Matterhorn: Fiction of the Vietnam War

February 4, 2014 § Leave a comment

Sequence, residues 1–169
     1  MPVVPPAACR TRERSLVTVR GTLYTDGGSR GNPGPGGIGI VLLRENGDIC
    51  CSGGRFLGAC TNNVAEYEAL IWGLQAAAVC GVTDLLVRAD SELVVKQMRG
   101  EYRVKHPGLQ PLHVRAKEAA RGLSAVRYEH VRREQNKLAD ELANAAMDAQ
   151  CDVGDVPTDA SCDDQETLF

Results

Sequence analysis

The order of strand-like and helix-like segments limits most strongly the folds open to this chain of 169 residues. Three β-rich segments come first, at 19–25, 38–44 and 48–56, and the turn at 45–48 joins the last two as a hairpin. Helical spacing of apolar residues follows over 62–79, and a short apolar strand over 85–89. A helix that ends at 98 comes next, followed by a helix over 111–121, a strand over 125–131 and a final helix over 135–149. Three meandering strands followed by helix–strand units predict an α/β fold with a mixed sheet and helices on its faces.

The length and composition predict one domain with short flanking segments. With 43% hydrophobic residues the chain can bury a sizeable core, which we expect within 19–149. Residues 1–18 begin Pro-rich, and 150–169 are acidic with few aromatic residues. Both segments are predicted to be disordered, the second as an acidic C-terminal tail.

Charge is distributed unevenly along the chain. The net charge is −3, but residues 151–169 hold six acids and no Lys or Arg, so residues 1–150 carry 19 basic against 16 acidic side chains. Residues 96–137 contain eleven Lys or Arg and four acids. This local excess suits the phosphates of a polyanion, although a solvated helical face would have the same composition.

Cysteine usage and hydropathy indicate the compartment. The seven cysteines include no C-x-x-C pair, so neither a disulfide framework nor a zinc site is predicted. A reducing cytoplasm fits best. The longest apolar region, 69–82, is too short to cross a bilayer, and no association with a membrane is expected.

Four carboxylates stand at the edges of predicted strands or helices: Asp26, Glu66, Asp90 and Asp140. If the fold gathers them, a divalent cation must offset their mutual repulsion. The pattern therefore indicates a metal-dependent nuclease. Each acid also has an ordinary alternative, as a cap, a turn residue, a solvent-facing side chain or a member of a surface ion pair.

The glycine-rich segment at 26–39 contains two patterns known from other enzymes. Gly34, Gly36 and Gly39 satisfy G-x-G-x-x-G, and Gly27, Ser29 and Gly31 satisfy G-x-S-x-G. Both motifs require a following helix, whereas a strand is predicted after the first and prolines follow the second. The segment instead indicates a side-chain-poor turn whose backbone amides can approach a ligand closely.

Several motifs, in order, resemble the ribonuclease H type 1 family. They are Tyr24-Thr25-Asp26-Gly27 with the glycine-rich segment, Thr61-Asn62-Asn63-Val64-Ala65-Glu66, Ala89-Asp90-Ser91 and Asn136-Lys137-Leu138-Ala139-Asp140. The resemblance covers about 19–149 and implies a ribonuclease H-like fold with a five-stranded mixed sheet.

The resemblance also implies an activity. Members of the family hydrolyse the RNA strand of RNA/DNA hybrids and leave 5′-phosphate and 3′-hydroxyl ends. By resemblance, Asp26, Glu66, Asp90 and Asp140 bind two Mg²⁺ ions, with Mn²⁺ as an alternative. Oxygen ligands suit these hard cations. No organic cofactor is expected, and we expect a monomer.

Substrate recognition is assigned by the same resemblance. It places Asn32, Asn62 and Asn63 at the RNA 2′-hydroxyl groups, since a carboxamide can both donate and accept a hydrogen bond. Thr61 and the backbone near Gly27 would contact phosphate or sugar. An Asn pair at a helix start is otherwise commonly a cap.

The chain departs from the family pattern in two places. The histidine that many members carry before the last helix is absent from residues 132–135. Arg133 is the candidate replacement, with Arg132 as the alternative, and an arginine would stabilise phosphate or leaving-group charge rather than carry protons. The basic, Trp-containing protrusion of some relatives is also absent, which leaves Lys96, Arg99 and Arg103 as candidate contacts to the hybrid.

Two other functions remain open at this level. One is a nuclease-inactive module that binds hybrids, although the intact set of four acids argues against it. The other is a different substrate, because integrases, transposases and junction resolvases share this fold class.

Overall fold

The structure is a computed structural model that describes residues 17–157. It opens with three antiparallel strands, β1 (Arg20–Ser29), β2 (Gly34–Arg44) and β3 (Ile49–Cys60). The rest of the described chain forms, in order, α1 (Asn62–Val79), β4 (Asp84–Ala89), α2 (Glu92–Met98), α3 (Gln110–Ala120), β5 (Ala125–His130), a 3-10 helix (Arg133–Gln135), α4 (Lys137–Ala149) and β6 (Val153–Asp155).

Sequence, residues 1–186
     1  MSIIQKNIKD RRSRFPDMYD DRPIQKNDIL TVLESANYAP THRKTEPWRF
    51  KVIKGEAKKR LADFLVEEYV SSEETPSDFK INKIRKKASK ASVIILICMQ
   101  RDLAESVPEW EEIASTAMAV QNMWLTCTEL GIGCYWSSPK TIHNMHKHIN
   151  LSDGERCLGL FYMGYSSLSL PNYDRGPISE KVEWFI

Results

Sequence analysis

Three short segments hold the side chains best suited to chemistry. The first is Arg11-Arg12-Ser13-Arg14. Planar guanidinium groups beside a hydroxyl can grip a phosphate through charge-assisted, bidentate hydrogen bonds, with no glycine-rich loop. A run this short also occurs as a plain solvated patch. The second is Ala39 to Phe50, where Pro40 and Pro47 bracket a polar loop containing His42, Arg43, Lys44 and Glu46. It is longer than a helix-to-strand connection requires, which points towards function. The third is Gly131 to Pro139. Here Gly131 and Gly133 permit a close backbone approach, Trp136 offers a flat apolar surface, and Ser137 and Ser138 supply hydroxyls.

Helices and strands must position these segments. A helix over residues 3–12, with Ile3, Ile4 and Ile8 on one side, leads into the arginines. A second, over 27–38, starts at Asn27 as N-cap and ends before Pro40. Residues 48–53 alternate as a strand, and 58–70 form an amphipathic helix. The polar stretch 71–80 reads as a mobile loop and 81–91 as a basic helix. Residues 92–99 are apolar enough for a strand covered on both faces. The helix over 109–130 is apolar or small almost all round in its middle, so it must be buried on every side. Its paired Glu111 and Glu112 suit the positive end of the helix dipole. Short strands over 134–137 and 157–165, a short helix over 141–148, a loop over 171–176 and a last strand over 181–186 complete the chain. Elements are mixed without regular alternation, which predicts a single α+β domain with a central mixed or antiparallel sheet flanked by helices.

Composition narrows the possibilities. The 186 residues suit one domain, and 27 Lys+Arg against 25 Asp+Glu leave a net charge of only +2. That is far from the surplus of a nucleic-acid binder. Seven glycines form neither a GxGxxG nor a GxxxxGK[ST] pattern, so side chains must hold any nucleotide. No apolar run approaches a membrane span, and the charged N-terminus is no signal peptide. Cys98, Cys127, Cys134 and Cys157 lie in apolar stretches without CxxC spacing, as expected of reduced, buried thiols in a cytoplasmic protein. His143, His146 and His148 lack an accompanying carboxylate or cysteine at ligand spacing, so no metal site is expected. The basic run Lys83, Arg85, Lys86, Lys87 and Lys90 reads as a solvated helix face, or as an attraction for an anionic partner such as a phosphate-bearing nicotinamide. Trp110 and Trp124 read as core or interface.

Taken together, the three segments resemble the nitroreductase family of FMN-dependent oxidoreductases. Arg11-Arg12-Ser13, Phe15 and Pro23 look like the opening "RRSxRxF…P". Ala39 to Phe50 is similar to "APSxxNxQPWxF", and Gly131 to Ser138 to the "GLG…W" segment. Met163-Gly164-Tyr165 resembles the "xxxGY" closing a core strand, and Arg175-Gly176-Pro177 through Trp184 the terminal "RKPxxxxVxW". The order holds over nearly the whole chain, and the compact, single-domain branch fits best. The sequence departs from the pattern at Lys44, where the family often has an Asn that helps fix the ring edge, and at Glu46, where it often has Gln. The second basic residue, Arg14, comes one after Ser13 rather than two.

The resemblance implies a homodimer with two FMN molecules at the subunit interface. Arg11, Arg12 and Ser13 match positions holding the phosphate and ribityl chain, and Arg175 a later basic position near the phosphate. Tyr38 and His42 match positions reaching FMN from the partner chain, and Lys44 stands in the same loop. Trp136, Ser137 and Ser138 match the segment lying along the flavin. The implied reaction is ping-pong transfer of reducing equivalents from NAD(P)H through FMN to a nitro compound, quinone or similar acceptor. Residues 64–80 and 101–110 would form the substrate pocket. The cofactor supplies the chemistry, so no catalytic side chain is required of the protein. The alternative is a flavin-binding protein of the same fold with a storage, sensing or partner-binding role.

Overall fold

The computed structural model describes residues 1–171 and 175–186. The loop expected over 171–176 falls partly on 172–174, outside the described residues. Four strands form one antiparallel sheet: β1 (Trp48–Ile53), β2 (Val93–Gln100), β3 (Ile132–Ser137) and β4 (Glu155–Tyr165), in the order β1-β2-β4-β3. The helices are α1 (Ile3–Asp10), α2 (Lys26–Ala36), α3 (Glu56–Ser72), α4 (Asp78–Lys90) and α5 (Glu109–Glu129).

photoLast February, I was back in Vancouver for a visit.  I love visiting Vancouver, a city I know well (having grown up there).  Everytime I’m back in town, I go to Blackberry Books on Granville Island.  I have bought many, many books there over the years.  This time when I was in, I got into a long chat with the guy working there about history and fiction (two of my favourite subjects) and he recommended Karl Marlantes’ sprawling Vietnam War book, Matterhorn.  It’s an epic novel, telling the story of a young Marine lieutenant, Waino Mellas, and his indoctrination into the jungle war.  It takes a long, long time to get going, I must say, but eventually it became engrossing and nearly impossible to put down.  The guy at Blackberry Books said that he doesn’t read long fiction anymore, but this book was an exception to his rule.  I agree.  For some odd reason, probably due to the amount of American history I’ve taught of late, I’ve read a lot of Vietnam War fiction, and Matterhorn is definitely up there with Tim O’Brien’s two works, The Things They Carried and If I Die in A Combat Zone, Box Me Up and Ship Me Home.

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